MARLON BRANDO: The Freshman (1990)--it's going to be a flop, but after this, I'm retiring. I'm so fed up. This picture, except for the Canadian crew, was an extremely unpleasant experience. I wish I hadn't finished with a stinker. [Brando went on to further gems such as Christopher Columbus: The Discovery (1992), The Island of Dr. Moreau (1996) and Free Money (1998). his last movie actually being The Score (2001.)]
DIANA DORS: They brought me here as a sex bomb, a supposed threat to Marilyn Monroe. And who did they give me for leading men? George Gobel in I Married a Woman (1958) and Rod Steiger in The Unholy Wife (1957)! I should have had Bill Holden or Cary Grant. I had to carry the whole burden myself, and the pictures fizzled. I was a sex bomb, all right--with the accent on "bomb." [The Unholy Wife did also have Tom Tryon as Dors' lover.]
ROGER MOORE: It's a period in my life I just laugh about now. I remember my biggest part was opposite Lana Turner in a bomb called Diane (1956.) Time said, "Lana Turner as Diane de Poitiers walked on the screen in a clattering of heels and a fluttering of false eyelashes, followed by a lump of English roast beef." I was the English roast beef. The they [MGM] asked me to leave. "Just check your wardrobe and clear out" is the way they put it. I arrived in America on April Fool's Day, 1954. I should have known that meant something.
VICTORIA PRINCIPAL: I think I have an irrational fear of features. I did something called The Naked Ape (1973), which is arguably one of the 10 worst movies ever made. That began such a painful period in my life, and I always connect it to features.
And this was my favorite! ~~~~~
MARGUERITE CHAPMAN: The Amazing Transparent Man (1960) was filmed in Dallas, Texas, with oil money. They needed a money loser, and they sure got it. It was never publicized. I don't know of any theaters that played it, though a few little fleatraps somewhere may have had a death wish. When I arrived in Dallas, Les Guthrie, our director, had just done three films in a row for these people and told me, "I've never had so much trouble. All I need now is for the motel to burn down." Later that evening...the roof of the motel caught fire and it was spreading to where I was. Quick as a flash, Les rushed in--to save me, I thought. Instead, he grabbed my studio clothes lined up by the drapes and ran out with them. A minute later, James Griffith, one of the actors in the film, hollered in, "I've got to save my guns! I'll be back for you!" ... The motel was saved. ... The odor from the fire was so foul that I asked if I couldn't please be moved to a hotel. So they put me on the 13th floor of a Dallas hotel. I no sooner got settled in than a waiter blithely announced, "Oh, this is the room where a lady jumped to her death from one of the windows"! Everyone who came in said this to me. The day after the picture finished, I called a couple I knew in Fort Worth and pleaded with them to come and get me. "I can't stay in this room a minute more," I said. ... After a while trouble popped up there, too. My friend's husband tried to rape me! ... What do I think of The Amazing Transparent Man? What would you think of The Amazing Transparent Man?! Pukesville! It was my last movie.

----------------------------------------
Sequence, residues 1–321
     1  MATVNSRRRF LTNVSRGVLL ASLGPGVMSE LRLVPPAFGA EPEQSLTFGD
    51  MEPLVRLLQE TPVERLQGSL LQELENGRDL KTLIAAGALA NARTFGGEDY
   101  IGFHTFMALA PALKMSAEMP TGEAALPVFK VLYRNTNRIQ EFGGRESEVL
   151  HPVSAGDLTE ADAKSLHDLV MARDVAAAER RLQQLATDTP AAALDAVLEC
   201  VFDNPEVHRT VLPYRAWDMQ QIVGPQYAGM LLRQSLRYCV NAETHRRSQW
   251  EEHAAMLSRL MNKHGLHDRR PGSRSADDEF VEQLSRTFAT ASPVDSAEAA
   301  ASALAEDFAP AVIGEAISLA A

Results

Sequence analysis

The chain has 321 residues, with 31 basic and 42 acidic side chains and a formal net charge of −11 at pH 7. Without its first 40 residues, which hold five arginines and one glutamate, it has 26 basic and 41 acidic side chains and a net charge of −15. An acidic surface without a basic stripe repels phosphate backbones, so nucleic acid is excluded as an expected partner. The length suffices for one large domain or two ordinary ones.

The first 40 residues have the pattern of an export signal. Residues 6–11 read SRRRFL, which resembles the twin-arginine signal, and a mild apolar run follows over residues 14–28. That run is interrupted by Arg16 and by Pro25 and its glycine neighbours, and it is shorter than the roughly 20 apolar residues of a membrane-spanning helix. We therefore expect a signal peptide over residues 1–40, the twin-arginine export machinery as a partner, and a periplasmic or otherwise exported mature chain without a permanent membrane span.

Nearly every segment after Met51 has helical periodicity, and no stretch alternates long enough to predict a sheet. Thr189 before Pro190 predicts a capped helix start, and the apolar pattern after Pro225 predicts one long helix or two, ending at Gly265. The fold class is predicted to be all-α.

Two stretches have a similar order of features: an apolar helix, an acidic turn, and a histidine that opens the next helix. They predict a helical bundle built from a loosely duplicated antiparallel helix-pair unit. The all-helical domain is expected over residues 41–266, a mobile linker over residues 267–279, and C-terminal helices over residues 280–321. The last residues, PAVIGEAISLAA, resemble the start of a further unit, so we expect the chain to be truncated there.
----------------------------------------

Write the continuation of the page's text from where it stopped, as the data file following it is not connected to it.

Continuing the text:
Wishing all my Poseidon's Underworld readers a very happy and healthy Thanksgiving!
"To Jon-I really enjoyed your blog! Love Joan" -- Dame Joan Collins (via autographed menu supplied by a mutual friend!) Photos of Menu & Joan
"Thank you for your nice message, and for the link to your blog. I had actually seen your blog before - a friend showed it to me a year or two ago. You clearly have an intense and wonderful passion for cult and genre cinema... Thank you for joining my page, and for sharing your passion for EARTHQUAKE and other films of that remarkable era in our industry. My husband would have gotten a huge kick out of it! With love, Monica"-- Monica Lewis Tribute to Monica
"Oh, and for those who are looking for fascinating, funny, often outré online reading about vintage, sometimes obscure, movies, TV shows and stars, try the blog, “Poseidon’s Underworld.” You’ll find everything from detailed and witty biographies to posts on how stars wore their clothes — or didn’t — as each show biz decade constricted or loosened up. Heavily illustrated and highly informative". - Liz Smith - Liz Smith - newyorksocialdiary.com
"I just discovered your profile about me and my career. I was flattered and very happy with the photos (some I had never seen) and your talented style of writing. As a gesture of thanks, I would like to send you a signed copy of my book. I think you would enjoy it. So if you would like one or a signed photo, let me know with an address I can send it to. - Sincerely, Mark Goddard" (via e-mail) Tribute to Mark